Ramblings: Discussing Three Young Defencemen in Bouchard, Dahlin, and Timmins – August 6

Michael Clifford


It is the end of the work week so I want to take some time to talk about one of my favourite topics in hockey: defencemen, particularly younger defencemen. The game of hockey, specifically in the NHL, has changed enormously over the last decade. With that change has come an evolution of the blue liners and what they are expected to do. Twenty years ago, you might have one or two puck-movers on a roster and the rest act as bruisers. These days, you might have one or two bruisers on a roster and the rest are puck-movers. It has made the game more entertaining to watch even as the big hits of yesteryear become a thing of the past.

Let's take some time to talk about three young defencemen in particular today. I am going to be using data from our Frozen Tools, Natural Stat Trick, Evolving Hockey, HockeyViz, and Corey Sznajder's Patreon. Let us dig in.

Evan Bouchard

I want to think that part of Edmonton's offseason was their belief in how good Evan Bouchard will be in the future. Otherwise, it makes absolutely no sense to ditch Caleb Jones and Ethan Bear, two young defencemen that could have been part of the future with Bouchard.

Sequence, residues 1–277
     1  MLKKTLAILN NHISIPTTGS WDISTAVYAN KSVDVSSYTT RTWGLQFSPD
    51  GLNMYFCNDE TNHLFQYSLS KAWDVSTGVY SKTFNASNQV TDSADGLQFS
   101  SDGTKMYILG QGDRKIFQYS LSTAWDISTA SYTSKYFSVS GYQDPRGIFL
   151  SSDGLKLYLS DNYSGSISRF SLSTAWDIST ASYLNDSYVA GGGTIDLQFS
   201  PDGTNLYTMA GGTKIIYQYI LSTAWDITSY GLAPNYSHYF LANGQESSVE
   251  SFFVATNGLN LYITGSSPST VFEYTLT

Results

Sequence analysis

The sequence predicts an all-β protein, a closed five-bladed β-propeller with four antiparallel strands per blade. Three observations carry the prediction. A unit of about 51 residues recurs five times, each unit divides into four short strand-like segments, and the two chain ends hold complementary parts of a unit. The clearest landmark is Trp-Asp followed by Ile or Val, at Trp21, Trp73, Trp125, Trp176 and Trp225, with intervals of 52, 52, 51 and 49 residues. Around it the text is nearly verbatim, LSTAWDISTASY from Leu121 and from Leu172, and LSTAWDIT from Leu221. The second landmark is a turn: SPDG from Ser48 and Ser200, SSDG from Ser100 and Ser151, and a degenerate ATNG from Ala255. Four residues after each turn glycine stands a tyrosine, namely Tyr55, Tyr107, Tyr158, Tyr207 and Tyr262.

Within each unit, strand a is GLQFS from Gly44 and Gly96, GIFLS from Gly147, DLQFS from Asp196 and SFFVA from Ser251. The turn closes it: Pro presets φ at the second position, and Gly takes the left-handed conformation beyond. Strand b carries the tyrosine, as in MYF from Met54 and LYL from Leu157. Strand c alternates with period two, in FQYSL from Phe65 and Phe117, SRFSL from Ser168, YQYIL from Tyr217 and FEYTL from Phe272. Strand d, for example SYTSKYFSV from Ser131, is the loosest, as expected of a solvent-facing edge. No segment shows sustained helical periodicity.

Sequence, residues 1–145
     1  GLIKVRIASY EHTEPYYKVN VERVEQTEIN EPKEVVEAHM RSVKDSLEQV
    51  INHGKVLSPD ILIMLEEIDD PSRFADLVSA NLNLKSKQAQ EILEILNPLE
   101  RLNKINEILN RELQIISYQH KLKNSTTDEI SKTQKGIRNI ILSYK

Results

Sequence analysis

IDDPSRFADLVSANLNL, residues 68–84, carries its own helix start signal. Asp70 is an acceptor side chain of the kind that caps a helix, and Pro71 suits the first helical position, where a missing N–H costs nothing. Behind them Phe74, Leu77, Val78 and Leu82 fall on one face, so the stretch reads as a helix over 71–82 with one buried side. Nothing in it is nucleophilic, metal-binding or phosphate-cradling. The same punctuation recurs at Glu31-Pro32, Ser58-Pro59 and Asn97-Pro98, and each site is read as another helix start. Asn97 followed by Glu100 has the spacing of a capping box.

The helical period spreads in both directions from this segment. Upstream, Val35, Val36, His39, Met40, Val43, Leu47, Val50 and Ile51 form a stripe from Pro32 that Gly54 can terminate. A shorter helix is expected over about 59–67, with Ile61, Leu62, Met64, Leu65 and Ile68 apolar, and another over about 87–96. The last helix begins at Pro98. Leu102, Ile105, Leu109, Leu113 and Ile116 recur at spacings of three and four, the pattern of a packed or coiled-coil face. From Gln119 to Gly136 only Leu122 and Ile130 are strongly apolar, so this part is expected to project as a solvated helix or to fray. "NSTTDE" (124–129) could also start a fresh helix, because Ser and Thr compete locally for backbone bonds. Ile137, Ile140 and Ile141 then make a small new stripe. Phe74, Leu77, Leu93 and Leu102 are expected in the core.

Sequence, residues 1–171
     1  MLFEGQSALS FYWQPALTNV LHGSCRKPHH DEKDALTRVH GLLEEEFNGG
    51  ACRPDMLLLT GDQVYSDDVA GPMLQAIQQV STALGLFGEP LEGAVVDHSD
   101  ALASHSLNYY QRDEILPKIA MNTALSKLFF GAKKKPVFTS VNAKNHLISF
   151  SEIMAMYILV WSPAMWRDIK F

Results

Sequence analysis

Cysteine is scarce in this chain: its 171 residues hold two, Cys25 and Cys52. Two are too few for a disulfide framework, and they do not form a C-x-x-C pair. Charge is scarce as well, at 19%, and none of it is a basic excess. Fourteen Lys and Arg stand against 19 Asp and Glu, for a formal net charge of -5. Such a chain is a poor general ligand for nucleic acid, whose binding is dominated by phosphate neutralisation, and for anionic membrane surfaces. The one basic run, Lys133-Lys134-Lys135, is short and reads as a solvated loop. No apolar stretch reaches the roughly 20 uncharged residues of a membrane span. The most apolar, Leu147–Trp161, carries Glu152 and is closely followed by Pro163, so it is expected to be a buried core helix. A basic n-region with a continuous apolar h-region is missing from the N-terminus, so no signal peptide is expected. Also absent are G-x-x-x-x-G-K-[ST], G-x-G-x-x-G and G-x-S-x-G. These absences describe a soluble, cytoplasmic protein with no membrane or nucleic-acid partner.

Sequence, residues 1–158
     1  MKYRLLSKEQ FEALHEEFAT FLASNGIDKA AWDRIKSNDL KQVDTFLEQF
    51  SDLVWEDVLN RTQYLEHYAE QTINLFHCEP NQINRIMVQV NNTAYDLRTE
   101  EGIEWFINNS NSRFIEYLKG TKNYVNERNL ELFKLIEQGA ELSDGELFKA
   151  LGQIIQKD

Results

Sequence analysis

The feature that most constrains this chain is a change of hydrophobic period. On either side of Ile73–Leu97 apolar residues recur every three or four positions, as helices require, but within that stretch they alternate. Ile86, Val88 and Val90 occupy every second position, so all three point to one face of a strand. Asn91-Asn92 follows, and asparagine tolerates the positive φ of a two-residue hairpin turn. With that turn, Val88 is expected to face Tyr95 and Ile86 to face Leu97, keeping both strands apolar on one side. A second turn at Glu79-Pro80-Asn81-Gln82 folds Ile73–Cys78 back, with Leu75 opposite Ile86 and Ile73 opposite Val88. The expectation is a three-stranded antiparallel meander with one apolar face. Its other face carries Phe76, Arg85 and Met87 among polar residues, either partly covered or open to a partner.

Anyway, this is about what kind of player Bouchard is now and what he can be in the fantasy game in the near future. I bring him up because though he had just 14 games in the NHL this past shortened season, he performed extremely well in his small sample.

From some playmaking data from the Patreon mentioned above, Bouchard had a possession-exit rate of 68 percent, far-and-away the best on Edmonton's blue line. League-wide, he was comparable to guys like Charlie McAvoy and Roman Josi. Staying with that data set, Bouchard had a similar primary shot assist rate to names like Victor Hedman and Dougie Hamilton, and he led all defencemen in shot rate. Some of his passing metrics aren't elite, but his zone-exit and shot rates are. This a guy that is still 21 years old right now.

Those are just a handful of metrics in a small sample. They are good indicators of what we hope Bouchard is and can be, but not definitive. And they can be misleading, too, because here was Edmonton's offence with him on the ice: